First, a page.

Um, I’m really not picky. And I guess that’s because this is all a learning experience for me, or something that’s very new for me. And also, since I haven’t experienced this before. So I’m not really picky, I really I know a lot of people that I come in contact really prefer, as far as like, things that we do on trips and such to be very kind of like chill and, you know, just laid back in which that’s fine. But sometimes I prefer to be just kind of on the go just because I want to see where I’m at. I want to see the destination, I want to see what the locals are like I want to see and hear experiences from people who live there and who constantly visit there. Or just, I just want to see everything at that point, though. I just I’m kind of just like a, I would say I’m just kind of a ghost go with the flow. But I really do like to be like in the scene, you know to see.

 

Angela Tuell: 18:57

You want to soak up everything while you’re there. It’s a short time usually.

 

Jori Ayers: 19:01

Yeah.

 

Angela Tuell: 19:03

So how can PR professionals best get a story in front of you?

 

Jori Ayers: 19:08

Honestly, for me a simple email. That is that is it because I am constantly checking my emails, whether I’m on the clock or whether I’m off the clock, it doesn’t matter. Because I want to make sure I’m getting back to everyone at a reasonable time. And or if anything has come up. So a straight email to my whether to my work email or whether to my personal email will be the best way to get okay. So for me, yes.

 

Angela Tuell: 19:40

Great. Do you have any pet peeves when it comes to those of us in the PR profession?

 

Jori Ayers: 19:45

No, not I mean, not yet. Like everybody who I’ve been in contact with have been great, like wonderful, great and super great attitudes. Everyone’s nice and sweet. You know, I haven’t had anybody that has given me the cold shoulder anything, everyone has been great. So not yet, but I’m hoping I’m hoping there won’t be any. But….

 

Angela Tuell: 20:11

We’ll keep our fingers crossed. What are your hopes for the future in your career? Do you want to stay in travel writing? Or what are your big goals, I guess?

 

Jori Ayers: 20:21

I really, I really want to stay in travel writing, I really do enjoy it. It was one of those things. Like I said before, I didn’t think that I was, I guess worthy of doing because I didn’t travel a lot. But I really enjoy doing it. I get I’ve met so many people, I like to hear their story, I would love to be able to stay in travel writing and kind of just, just do more with that and see kind of see where life takes me at. I try not to put a lot on myself because I tend to already do so now. So I kind of just really take it to myself, I my model is take it day by day. So whether that is with travel writing, or is with another branch of writing. I think whatever I happen to be in in the future, I know that I’ll enjoy it and put out as much content as I can. But definitely I would love to continue to be in travel writing.

 

Angela Tuell: 21:23

Yeah, that’s wonderful. And you know, as a journalist, you don’t as much have to know the topic, but you have to be able to learn and write well, you know, learn, research and write well. So I would also love to know what you enjoy doing in your free time. I know you mentioned dancing, is that still something you’re doing?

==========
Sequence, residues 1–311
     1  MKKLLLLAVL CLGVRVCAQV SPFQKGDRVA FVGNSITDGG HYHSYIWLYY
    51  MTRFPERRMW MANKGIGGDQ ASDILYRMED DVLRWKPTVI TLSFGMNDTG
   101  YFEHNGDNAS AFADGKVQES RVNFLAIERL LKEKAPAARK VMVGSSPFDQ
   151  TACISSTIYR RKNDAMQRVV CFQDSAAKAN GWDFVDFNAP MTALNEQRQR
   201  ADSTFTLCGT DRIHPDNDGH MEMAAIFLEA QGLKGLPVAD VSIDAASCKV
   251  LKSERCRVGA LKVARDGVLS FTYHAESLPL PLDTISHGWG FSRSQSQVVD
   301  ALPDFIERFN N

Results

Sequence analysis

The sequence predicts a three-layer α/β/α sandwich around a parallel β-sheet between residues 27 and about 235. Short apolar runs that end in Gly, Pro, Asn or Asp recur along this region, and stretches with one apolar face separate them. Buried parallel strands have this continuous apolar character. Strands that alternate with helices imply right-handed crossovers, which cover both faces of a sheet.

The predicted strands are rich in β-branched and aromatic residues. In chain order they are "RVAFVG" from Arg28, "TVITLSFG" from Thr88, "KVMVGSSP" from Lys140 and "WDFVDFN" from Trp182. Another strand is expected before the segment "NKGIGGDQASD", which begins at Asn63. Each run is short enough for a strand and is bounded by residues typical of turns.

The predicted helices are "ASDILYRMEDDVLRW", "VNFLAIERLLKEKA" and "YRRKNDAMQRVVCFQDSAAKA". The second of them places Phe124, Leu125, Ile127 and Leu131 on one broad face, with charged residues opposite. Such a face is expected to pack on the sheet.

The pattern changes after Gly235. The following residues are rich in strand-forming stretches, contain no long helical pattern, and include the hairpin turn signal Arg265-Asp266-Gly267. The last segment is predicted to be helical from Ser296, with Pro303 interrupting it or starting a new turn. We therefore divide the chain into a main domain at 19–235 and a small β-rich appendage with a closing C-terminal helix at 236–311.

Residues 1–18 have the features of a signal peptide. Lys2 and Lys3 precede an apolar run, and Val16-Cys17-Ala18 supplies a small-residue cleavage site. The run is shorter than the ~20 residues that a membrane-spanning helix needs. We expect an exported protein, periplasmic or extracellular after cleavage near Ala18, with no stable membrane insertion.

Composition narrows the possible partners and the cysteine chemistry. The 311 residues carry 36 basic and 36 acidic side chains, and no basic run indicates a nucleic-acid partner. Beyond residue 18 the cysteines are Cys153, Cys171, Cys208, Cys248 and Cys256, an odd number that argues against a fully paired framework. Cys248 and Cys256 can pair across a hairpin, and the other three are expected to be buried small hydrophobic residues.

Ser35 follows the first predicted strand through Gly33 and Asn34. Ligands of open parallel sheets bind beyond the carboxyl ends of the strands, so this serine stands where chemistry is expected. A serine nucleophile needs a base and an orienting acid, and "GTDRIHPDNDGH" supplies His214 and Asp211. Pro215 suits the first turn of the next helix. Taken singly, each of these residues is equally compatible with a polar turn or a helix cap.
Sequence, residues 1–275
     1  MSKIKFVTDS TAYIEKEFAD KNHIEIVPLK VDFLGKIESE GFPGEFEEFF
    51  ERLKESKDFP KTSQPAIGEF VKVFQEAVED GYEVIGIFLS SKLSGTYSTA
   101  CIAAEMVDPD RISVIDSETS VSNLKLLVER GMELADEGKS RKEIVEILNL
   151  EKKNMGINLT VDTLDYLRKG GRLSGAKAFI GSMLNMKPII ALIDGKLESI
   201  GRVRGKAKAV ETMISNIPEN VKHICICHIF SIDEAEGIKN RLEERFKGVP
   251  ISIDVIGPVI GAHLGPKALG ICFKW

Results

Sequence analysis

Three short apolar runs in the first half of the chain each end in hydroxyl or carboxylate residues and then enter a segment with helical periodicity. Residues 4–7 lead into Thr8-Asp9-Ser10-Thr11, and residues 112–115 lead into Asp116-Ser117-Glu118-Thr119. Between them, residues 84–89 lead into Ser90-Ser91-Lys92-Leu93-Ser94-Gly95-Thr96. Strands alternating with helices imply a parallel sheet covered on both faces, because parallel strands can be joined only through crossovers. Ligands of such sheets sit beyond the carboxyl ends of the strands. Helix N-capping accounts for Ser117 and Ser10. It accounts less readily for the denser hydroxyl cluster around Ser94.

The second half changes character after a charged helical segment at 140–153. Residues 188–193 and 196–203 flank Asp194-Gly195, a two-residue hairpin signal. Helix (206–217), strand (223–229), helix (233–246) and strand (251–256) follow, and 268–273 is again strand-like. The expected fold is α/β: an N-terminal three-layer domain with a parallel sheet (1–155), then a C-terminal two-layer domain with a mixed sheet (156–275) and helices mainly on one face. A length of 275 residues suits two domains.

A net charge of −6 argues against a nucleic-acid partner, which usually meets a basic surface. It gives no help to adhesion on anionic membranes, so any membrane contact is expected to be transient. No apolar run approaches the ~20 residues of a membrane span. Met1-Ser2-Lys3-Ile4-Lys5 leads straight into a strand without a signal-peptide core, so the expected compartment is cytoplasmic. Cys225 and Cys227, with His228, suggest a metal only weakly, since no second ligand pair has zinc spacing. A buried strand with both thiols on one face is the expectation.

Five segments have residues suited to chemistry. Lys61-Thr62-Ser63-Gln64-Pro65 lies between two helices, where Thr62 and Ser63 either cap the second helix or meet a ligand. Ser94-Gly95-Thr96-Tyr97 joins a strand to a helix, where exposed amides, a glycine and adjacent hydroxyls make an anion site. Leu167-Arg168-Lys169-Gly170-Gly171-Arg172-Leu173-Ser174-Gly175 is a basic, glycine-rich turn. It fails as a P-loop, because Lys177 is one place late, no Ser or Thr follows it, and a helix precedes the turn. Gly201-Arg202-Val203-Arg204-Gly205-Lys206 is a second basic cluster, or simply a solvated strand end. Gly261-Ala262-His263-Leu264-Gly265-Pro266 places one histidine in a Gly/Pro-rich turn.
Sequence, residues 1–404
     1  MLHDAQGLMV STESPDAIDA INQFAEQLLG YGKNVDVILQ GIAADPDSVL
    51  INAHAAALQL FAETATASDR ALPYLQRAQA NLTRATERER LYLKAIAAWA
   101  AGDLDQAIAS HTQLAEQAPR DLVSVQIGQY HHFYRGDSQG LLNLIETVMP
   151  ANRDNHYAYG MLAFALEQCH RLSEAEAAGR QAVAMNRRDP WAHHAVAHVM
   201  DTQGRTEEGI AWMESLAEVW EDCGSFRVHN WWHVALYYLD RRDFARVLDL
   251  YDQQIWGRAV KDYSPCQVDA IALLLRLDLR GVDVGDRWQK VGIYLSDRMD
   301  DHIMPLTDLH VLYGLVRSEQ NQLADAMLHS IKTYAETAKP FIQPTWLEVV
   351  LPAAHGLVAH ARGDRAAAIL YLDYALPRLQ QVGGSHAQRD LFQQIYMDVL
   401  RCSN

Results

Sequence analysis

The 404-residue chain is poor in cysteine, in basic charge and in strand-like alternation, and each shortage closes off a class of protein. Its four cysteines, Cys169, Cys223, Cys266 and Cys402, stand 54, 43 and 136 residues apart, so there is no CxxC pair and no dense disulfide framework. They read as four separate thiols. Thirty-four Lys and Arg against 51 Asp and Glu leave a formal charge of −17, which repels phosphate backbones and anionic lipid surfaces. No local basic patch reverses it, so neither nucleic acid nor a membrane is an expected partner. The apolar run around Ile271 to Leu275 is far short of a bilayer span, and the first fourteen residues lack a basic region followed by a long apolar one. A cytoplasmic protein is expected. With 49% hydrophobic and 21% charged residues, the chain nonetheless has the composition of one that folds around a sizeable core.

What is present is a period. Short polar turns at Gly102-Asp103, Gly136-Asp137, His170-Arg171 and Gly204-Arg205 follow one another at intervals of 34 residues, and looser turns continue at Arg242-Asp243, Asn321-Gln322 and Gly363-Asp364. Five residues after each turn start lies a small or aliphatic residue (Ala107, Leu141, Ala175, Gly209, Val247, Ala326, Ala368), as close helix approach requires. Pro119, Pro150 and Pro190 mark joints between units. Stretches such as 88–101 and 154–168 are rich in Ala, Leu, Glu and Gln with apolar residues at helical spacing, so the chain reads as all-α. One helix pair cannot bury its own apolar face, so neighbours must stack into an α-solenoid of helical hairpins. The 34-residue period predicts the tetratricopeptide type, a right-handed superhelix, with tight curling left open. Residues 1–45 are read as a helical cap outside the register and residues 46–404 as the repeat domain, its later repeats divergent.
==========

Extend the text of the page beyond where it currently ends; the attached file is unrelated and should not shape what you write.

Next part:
Jori Ayers: 21:41

Yes, I do. And I do love dancing in my free time whether it’s around in my apartment or a class but mostly just because I really love doing like the going to do like the Barre workouts doing that. I love a nice just since I’m in That’s great. Well, how can our listeners connect with you Orlando, sitting by the pool with a nice, the nice weather. Or if I can I love you know, taking a trip to Disney every now and then. If I can if I can squeeze in some time, at the most happiest place on earth. online? Well, they can DM me on Instagram. I’m very open to any if anybody has questions, my Instagram is the_real_ayers. If they have any questions, or if anybody wants to reach out on, you know how to start their journalism career, anything I’m very open to that they can hit me up on Instagram. Or they can email me at my personal email which is JoriAyers2@gmail.com. So I’m very, very, very open to anything because like I said, I love to be able to point somebody in the right direction. Um, I know we all have different starts to our career, and different possibilities and different things that we can do. We will include all of those links in our show notes, and I And if I can be that person to guide you, or to help you or give you some type of advice. I’m more than welcome on doing that. And also anyone, any other journalists who would like to connect, I would love that. Any, anyone who would like to commit, I would love that I’m just all up for meeting new people, having new opportunities and just opening myself up to the world now. So really appreciate it. It was wonderful talking with you. Thank you so much. I appreciate this so so much. And thank you so much for having me. I enjoyed our talk and I’m so glad that I got to do it.

 

Angela Tuell: 23:53

That’s all for this episode of Media in Minutes, a podcast by Communications Redefined. Please take a moment to rate, review and subscribe to our show. We’d love to hear what you think. You can find more at CommunicationsRedefined.com/podcast. I’m your host, Angela Tuell. Talk to you next time.

The power of travel and first experiences are the focus of today’s Media in Minutes with Angela Tuell.  Listen as Jori Ayers shares her perspective and experiences.